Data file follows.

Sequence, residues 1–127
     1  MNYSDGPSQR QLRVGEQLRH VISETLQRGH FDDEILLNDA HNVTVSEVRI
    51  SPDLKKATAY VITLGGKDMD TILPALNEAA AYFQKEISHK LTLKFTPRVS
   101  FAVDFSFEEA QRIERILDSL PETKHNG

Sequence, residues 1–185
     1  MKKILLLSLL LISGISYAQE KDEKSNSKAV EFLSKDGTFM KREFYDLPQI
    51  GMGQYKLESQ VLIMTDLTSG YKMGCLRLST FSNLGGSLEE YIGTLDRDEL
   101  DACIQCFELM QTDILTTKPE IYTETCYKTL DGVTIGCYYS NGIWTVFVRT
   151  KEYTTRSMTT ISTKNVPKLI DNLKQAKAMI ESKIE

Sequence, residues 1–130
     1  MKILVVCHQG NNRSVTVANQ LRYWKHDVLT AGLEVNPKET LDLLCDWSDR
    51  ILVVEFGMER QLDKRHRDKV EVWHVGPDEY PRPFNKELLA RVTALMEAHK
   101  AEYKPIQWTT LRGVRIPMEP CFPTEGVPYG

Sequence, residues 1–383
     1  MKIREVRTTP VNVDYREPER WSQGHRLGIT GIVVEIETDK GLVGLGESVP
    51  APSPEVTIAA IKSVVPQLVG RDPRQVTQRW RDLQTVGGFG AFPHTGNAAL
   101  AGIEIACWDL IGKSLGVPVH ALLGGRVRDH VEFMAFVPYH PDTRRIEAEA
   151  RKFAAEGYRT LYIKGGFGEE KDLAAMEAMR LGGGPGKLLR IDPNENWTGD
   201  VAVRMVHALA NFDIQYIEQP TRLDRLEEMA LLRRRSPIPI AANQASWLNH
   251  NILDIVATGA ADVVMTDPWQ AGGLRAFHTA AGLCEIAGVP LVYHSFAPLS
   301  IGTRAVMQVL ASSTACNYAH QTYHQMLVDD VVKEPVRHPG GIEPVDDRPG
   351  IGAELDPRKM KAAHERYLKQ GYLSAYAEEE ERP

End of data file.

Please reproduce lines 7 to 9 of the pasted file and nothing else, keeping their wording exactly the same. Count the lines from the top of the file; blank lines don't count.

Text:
    51  GMGQYKLESQ VLIMTDLTSG YKMGCLRLST FSNLGGSLEE YIGTLDRDEL
   101  DACIQCFELM QTDILTTKPE IYTETCYKTL DGVTIGCYYS NGIWTVFVRT
   151  KEYTTRSMTT ISTKNVPKLI DNLKQAKAMI ESKIE